Digging up big parts of the garden to add a small orchard, shrubs and flowers for all round colour have been given a added frisson of interest by finds of pottery sherds and glass. As an activity, collecting these fragments it is very far from anything resembling archaeology, as deposition is almost completely random, and unearthing them is a far from delicate process, but these finds are still something of a link between the property and its past, and have charm. I have already posted about two 19th Century bottles, one from the J.F. Edisbury Co. pharmacy in Wrexham and another from the Chester Lion Brewery, but two weeks ago we found something completely new.
I decided to dig out a perennial flower border that was full of lovely plants but hopelessly infested with coarse and deep-rooted couch grass, the roots of which snap when one tries to pull them out, and go on to fight many other days. Having dug out and potted up the plants, I was left with a ghastly bare bed that looked as though the gophers had been at it, but it was then ready to be prepared for a useful life. My gardener Joe began to turn it over, digging in fertilizer, and this little object turned up during that process.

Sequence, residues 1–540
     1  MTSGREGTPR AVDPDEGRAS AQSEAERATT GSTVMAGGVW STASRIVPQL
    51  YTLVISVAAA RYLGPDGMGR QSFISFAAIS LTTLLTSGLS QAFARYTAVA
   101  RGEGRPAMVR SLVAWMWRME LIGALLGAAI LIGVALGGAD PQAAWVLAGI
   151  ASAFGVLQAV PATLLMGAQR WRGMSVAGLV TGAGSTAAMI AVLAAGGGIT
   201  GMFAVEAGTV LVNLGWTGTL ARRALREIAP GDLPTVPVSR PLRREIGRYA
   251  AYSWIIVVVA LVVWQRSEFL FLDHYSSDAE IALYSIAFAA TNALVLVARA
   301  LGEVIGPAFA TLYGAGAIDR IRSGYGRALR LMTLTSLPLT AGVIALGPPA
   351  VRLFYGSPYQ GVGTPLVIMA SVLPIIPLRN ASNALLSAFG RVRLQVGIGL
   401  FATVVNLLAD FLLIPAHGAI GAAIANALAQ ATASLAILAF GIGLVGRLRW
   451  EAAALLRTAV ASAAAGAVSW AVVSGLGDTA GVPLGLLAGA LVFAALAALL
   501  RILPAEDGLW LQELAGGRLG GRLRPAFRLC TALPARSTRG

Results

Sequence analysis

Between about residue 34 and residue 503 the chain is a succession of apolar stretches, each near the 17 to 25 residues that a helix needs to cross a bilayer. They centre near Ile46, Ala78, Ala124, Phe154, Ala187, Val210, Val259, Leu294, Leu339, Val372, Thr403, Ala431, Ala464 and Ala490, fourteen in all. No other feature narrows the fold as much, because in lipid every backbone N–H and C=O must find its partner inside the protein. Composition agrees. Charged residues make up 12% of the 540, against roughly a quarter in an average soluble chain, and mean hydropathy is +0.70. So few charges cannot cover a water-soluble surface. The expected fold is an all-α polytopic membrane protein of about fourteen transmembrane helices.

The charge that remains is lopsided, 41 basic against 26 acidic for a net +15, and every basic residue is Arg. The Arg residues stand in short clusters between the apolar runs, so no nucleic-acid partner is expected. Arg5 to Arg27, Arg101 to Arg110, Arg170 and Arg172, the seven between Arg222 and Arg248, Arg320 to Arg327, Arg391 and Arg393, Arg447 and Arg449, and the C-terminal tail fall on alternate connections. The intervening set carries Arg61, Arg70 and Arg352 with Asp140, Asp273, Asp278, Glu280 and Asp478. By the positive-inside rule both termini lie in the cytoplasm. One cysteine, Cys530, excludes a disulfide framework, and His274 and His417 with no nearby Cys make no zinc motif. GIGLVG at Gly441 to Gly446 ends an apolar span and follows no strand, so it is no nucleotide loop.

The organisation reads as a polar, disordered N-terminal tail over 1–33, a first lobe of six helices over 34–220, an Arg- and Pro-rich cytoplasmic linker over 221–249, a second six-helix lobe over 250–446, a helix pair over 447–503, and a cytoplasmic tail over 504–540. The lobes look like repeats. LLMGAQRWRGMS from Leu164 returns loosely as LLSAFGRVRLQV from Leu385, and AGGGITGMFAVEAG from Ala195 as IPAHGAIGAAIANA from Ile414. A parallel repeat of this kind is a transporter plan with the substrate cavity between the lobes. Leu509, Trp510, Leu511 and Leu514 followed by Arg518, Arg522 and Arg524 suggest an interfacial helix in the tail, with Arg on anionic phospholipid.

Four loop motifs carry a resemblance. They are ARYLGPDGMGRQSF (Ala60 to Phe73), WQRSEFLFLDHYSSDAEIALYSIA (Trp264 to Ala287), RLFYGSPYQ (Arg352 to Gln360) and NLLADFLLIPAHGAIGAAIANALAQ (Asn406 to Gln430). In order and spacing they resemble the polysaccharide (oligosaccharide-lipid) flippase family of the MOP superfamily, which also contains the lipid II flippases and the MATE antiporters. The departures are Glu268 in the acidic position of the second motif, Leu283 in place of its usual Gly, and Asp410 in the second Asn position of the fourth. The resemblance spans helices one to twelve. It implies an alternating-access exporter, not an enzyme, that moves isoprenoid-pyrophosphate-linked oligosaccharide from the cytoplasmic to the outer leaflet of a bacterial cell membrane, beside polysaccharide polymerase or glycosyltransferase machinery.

This is a tiny male head, about 4cm tall, in white ceramic, completely hollow, with a seam line running along both sides. The face seems child-like, the hair very curly, and the hat slightly out of place on such a young head. The overall effect is slightly humorous. The best guess proffered so far amongst those I have asked is that it was designed as a support for a pie crust. Apparently white figurines of this size with flat-topped hats and hollow interiors were produced in the early 20th Century for this purpose and were not uncommon.
It seems like a plausible explanation. I’ve had a hunt around the part of the garden where he was found, but so far have not found the rest of him. It seems likely that if the head was chucked into the garden, the rest of him would have been thrown nearby, so we will keep an eye or two open.
For other objects in the series,
see the History in Garden Objects page